Simon Sjenitzer, Strategy Director at Cumbria Vision, said: “Tidal power is in constant development and therefore it is important we examine all existing and emerging technologies to find the best possible option for the Duddon Estuary, along with other schemes for the Solway Firth and Morecambe Bay. Cumbria already has a strong cluster of businesses involved in tidal energy which could play an important part in delivering schemes not only in Cumbria, but in Britain and further afield.”

Steven Broomhead, Chief Executive, Northwest Regional Development Agency (NWDA) said: “As part of our commitment to creating a low carbon economy, thorough delivery of the Climate Change Action Plan the NWDA continues to work with regional partners on a range of projects and initiatives such as the Carbon Challenge Fund. The Duddon Estuary Tidal Energy Scheme will also compliment the work we have undertaken for the Solway Firth and the Mersey, and allow us to identify how we can help meet the government’s targets relating to renewable energy generation and carbon reduction.”

The start of the Duddon Estuary feasibility study comes just a few weeks after the publication of the Solway Firth Energy Feasibility Study, which identified options for four tidal barrages, two lagoons and three tidal reefs which could generate between 100MW and 6GW of energy. The findings can be found at

The importance of tidal energy in Cumbria’s push to become a major generator of low carbon and renewable energy, was outlined in a recent study written by renowned environmental scientist Sir Martin Holdgate entitled The Scope for Renewable Energy in Cumbria. While Sir Martin outlined the huge potential for tidal schemes he stressed the importance of striking a balance between energy generation and the need to protect Cumbria’s stunning natural environment.

The Scope for Renewable Energy in Cumbria says Cumbria is poised to meet a third of its total energy needs from renewable sources by 2020, and double that by 2050. By 2050 the County could become a significant exporter of renewable energy with 5.5 gigawatts (5.5GW) of installed capacity, and meet the energy needs of over 300,000 people through a vibrant mix of wind, hydro, tidal, solar, geothermal and biomass. In turn this could create and safeguard in the region of 7,000 jobs and bring a significant boost to businesses and investors. The full study and its findings are available to download at the Renewable Energy section of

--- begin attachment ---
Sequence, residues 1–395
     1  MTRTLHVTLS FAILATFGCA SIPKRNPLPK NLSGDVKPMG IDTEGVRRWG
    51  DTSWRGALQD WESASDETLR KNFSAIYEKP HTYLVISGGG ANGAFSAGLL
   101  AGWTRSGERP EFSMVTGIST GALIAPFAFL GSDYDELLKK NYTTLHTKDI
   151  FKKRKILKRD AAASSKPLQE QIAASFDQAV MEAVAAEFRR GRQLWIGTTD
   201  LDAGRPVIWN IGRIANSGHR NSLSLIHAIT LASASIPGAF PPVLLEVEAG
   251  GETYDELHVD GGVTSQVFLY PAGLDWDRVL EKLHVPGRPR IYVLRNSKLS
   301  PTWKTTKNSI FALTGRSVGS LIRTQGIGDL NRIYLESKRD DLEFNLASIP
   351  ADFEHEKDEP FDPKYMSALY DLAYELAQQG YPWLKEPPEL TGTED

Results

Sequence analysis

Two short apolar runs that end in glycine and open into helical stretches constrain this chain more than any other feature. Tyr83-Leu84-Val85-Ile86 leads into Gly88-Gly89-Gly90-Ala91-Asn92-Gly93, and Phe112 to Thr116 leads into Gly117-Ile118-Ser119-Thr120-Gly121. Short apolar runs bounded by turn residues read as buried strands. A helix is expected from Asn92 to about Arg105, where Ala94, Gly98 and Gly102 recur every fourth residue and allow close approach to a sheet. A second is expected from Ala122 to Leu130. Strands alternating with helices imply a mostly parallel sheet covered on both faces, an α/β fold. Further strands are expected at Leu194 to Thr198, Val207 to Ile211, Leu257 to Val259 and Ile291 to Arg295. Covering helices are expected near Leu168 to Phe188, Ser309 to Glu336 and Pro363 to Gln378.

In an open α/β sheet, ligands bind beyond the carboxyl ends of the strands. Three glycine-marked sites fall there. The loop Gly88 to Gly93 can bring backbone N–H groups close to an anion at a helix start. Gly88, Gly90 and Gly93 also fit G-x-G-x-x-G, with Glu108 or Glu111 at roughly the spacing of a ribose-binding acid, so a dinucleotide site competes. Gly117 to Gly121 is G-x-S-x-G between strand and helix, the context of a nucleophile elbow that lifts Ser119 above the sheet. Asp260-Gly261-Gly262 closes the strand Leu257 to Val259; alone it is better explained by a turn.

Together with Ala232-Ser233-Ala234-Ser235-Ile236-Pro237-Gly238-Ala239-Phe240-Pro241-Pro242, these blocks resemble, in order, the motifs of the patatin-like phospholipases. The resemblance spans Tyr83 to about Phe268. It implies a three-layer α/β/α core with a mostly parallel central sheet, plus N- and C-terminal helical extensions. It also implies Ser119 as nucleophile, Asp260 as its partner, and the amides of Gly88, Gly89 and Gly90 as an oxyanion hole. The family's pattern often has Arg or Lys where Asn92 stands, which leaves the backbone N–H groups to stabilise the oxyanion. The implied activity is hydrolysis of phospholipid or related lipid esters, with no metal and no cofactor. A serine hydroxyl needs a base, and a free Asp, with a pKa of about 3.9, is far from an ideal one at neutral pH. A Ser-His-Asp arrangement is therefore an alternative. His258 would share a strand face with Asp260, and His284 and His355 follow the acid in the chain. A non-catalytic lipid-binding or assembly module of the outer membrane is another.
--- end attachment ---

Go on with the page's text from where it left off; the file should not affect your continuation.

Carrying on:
Feasibility Study For Solway Tidal Barrage Renewable Energy Project

This is good news! Tidal power is a very promising form of clean energy.

ECONOMIC development agency Cumbria Vision has welcomed the publication of a feasibility study on the potential for renewable energy generation across the Solway Firth.

The Solway Firth Energy Feasibility Study has identified options for four tidal barrages, two lagoons and three tidal reefs, which could generate between 100MW to 6GW of energy. Any development would result in significant investment and job creation in West Cumbria, while providing enough green energy to power hundreds of thousands of homes. It could also create an important transport link between north east Cumbria and southern Scotland, bringing wider economic benefits to both sides of the Solway Firth.

The Solway Estuary is the second most powerful estuary in Britain after the Severn Estuary. Its massive potential was outlined in the recently published report, The Scope for renewable Energy in Cumbria**, written by former Government energy adviser and environmental scientist Sir Martin Holdgate on behalf of Cumbria Vision’s Renewable Energy Panel.

Sir Martin identified the proposed Solway Energy Gateway and Bridge Across the Bay (Morecambe Bay) – located to the north and south of Britain’s Energy Coast™ – as having great potential to help Britain meet tough renewable and carbon reduction targets. However, he stressed the importance of striking a balance between energy generation and the need to protect Cumbria’s stunning natural environment.

Simon Sjenitzer, Strategy Director at Cumbria Vision – one of the partners behind the Britain’s Energy Coast™ initiative – said: “We now have a number of options on the table for this exciting project – the real challenge now lies in agreeing on the best way forward. The huge potential of a Solway Energy Gateway is obvious, but given the many environmental protections in place and the large scale costs of tidal development, it is essential we look to identify an option which is acceptable, achievable and can generate a substantial amount of green energy.”

“Tidal power has an important role to play in the Britain’s Energy Coast™ initiative and the wider push across Cumbria to become a significant generator in low carbon and renewable energy. It is important we replicate the national wish for an energy mix, and schemes such as the Solway Energy Gateway will help make a valuable contribution to the Government’s renewable energy and carbon reduction targets.

The Solway Firth Energy Feasibility Study examined options for energy generation against technical, financial, environmental and socio-economic impacts. It can be downloaded at

The next step is to raise awareness of the potential for development within the market by presenting a report at the BWEA Wave and Tidal Conference on March 3-4. Developers and utility companies interested in the scheme can contact Nigel Catterson of nb21c on 07952 568062.